Over the past years, political pressure to detain and deport more migrants has led to more case law that challenges the legality of various aspects in the forced removal procedure, including the legality of detention decisions. Civil society has a significant role in facilitating strategic litigation in this area. PICUM’s and the European Migration Law’s legal seminar “Defending migrants’ rights in the context of detention and deportation” in Brussels this year, offered a great opportunity in this direction by facilitating an exchange of information amongst law practitioners and NGOs from across Europe on the legal challenges in defending rights in the context of a strong political pressure to increase returns. For migrants’ rights advocates a reality check in terms of where we are with the case law was much needed.
Facing ongoing political pressure to lower the safeguards foreseen in EU and international law to the absolute bare minimum, it is crucial to be aware of the case law “red lines” that help counteract this trend. For example, there is evolving case law around the non-deportation of seriously ill persons (see for example ECtHR Paposhvili v Belgium, 41738/10) and on risk of absconding (CJEU Al-Chodor and ECtHR Del Rio Prada v Spain).
The tireless work undertaken by legal practitioners to challenge deportation and detention orders seems never-ending and grossly undervalued. There was, however, broad consensus that more case law is needed to challenge in particular the legality of detention in order to get a better idea of where the boundaries lie in relation to justification of the grounds for detention.
Overuse of detention
Participants of the seminar agreed that in most member states, detention is imposed far too quickly and without the necessary scrutiny of necessity and proportionality. The question around risk of absconding and its interpretations in different member states are central to this.
How can we mitigate the risk of absconding without resorting to restrictions of freedom of movement? This is a point where civil society could have a role in offering solutions. Community placement and case management could represent a feasible alternative for migrants and the state. The existence of community based alternatives to detention would allow for the authorities and the judiciary to change its practice around issuance of detention orders and the “default” procedures that often couple return order with detention without much further thought.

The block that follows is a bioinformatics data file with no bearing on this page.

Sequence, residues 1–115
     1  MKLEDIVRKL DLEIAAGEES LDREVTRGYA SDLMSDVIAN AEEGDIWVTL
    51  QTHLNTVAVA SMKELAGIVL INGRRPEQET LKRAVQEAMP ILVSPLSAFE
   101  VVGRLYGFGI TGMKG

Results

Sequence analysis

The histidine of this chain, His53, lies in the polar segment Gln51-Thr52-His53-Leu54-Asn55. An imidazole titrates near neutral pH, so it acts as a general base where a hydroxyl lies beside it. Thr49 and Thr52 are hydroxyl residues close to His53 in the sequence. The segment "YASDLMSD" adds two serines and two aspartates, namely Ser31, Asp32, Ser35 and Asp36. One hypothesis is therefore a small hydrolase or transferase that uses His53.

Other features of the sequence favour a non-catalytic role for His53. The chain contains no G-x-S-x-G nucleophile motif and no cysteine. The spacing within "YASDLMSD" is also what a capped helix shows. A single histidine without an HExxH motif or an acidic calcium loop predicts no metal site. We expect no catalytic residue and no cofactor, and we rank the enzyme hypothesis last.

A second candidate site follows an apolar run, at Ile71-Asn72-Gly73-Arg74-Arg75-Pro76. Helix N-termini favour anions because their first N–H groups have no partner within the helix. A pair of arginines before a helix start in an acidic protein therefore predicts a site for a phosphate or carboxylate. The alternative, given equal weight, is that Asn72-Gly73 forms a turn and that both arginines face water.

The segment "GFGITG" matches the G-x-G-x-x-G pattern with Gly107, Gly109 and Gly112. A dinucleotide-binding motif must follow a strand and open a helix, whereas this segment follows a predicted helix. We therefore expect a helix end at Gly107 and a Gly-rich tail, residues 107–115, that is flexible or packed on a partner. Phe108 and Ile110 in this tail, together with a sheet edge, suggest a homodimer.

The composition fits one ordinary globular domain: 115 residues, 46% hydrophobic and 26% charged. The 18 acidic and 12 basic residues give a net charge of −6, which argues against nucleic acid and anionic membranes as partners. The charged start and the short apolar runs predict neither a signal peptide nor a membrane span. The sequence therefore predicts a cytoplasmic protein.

An interesting discussion around what do we understand to be “strategic case work” or “strategic litigation” unfolded at the meeting and is worthy of more reflection. Participants stated that for case work to be strategic, it has to be part of a longer term vision with a clear objective for profound social and legal change and the strategy has to be multi-faceted and include different actors such as NGOs.
How legal practitioners can cooperate with civil society organisations
There are numerous possibilities for cooperation between legal practitioners and NGOs in challenging detention. While legal work focuses on questioning the legality of individual decisions, which together will contribute towards the change of course in case law, NGOs should continue challenging the legitimacy of the detention regime in its entirety.
We need to do much more work in debunking some of the assumptions that governments present as facts without any objective evidence, such as presenting deportation and detention as having deterrent impact on future migration flows or the necessity and efficiency of detention as a migration management tool.
We look forward to deepening the collaboration on more specific issues such as exploring what legal avenues could be used to challenge child detention.